More like 94-95.  I was working for Qualcomm at the time, it was a fun time to be there.


I'm reasonably certain that Sprint brought up the first CDMA towers in mid 1998, and
www.telephoneart.com
SCH 1000 was the first CDMA phone publically available from Sprint, with the Qcom 1920 (860 for Verizon) also in the same batch.

/hotlink

I can't find a specific date on release of the SCH1000 or 1920, but I'm reasonably certain that they were 1998 as well.  I realize I said 1999 earlier, but I definitely mis-remembered.

I could be wrong, too, but that's my experience.  According to Wiki, Sprint originally ran a GSM carrier in Baltimore-Washington in 1995, but it wasn't till 1998 that things went national.
 
2013-02-13 10:56:08 PM  
Not true, it was 2 months AFTER the last Cataclysm that I quit WoW.
 
2013-02-13 11:01:25 PM  

ladyfortuna: I would be curious to see how many economies have emerged from, or are emerging from 3rd world status now, than for the last two 'busts'. I have to think India and China have become major consumers, for example, thus possibly preventing a contraction. Not saying China was 3rd world back then, but people have a lot more disposable income there these days...


Africa is apparently a fantastic market for smartphones. Not just leapfrogging the whole landline infrastructure, but also doing all their banking via e-wallet.
 
2013-02-13 11:11:15 PM  
His premise is that there are technological shifts that make thin the herd of cell phone makers and that one happened 20 years ago and another happened 10 years ago.  But he failed to predict what big shift will lead to the next culling.

What's the technology that will make phones significantly better that some manufacturers will miss the boat on?
 
2013-02-14 12:34:29 AM  

Suckmaster Burstingfoam: ladyfortuna: I would be curious to see how many economies have emerged from, or are emerging from 3rd world status now, than for the last two 'busts'. I have to think India and China have become major consumers, for example, thus possibly preventing a contraction. Not saying China was 3rd world back then, but people have a lot more disposable income there these days...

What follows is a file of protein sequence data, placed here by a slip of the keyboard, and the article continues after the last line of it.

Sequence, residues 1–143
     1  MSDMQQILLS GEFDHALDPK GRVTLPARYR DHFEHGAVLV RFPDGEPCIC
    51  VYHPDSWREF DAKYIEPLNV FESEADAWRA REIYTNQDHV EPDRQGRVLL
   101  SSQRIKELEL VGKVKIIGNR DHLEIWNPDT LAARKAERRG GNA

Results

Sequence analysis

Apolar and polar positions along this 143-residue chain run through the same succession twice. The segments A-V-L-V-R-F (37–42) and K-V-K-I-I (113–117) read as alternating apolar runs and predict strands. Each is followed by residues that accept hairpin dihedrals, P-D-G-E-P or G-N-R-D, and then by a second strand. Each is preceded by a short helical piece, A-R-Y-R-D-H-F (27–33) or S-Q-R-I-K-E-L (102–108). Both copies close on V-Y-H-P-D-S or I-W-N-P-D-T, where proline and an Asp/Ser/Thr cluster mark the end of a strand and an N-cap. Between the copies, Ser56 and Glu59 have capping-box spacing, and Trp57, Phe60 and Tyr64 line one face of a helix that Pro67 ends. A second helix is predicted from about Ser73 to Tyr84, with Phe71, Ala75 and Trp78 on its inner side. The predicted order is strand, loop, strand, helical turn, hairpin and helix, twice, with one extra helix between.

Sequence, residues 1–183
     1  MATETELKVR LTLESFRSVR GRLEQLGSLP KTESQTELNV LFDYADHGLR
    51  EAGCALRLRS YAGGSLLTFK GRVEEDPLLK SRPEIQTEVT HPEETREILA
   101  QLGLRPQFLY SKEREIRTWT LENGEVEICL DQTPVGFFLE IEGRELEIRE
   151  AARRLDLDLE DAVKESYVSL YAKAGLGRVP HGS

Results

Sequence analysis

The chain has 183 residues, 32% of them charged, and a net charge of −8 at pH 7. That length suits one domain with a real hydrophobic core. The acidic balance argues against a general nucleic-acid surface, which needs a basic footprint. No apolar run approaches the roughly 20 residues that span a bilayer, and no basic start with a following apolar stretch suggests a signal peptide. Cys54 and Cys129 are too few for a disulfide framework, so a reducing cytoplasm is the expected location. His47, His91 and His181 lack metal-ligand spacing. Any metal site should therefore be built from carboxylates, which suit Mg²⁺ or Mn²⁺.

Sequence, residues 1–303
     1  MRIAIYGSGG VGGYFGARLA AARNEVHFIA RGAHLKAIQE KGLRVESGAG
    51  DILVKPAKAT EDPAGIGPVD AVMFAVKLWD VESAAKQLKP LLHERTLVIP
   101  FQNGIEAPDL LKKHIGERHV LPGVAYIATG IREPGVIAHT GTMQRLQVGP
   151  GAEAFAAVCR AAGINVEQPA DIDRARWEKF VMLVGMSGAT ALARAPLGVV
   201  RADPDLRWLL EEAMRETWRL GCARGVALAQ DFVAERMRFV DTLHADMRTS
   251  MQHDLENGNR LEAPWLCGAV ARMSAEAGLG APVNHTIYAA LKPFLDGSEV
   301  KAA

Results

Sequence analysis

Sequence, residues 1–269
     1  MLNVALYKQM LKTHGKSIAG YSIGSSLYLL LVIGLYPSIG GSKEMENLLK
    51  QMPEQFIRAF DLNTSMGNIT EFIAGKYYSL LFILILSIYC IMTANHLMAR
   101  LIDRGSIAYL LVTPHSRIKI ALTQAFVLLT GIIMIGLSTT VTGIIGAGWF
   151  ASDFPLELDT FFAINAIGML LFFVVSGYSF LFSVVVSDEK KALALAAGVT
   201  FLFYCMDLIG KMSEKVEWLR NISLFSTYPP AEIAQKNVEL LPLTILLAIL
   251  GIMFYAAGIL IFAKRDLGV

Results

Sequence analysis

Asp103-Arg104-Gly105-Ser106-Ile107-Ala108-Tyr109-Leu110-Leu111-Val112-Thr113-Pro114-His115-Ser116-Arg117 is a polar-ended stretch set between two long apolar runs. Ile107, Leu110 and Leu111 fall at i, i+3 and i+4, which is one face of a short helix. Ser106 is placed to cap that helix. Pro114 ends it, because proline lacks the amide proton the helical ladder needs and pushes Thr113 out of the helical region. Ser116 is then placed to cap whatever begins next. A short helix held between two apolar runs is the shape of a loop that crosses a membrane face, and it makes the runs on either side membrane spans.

Africa is apparently a fantastic market for smartphones. Not just leapfrogging the whole landline infrastructure, but also doing all their banking via e-wallet.


I honestly can't quite decide if you're serious, or implying a Nigerian Prince joke. Either way, interesting or amusing :)
 
2013-02-14 05:12:45 AM  

Mr. Eugenides: His premise is that there are technological shifts that make thin the herd of cell phone makers and that one happened 20 years ago and another happened 10 years ago.  But he failed to predict what big shift will lead to the next culling.

What's the technology that will make phones significantly better that some manufacturers will miss the boat on?


Replacing credit cards as the major way of buying stuff maybe?
 
2013-02-14 07:08:06 AM  
Ya know, if no one is even gonna bother with headlines anymore, fark should just use a scraper and be done with it.
 
2013-02-14 07:23:39 AM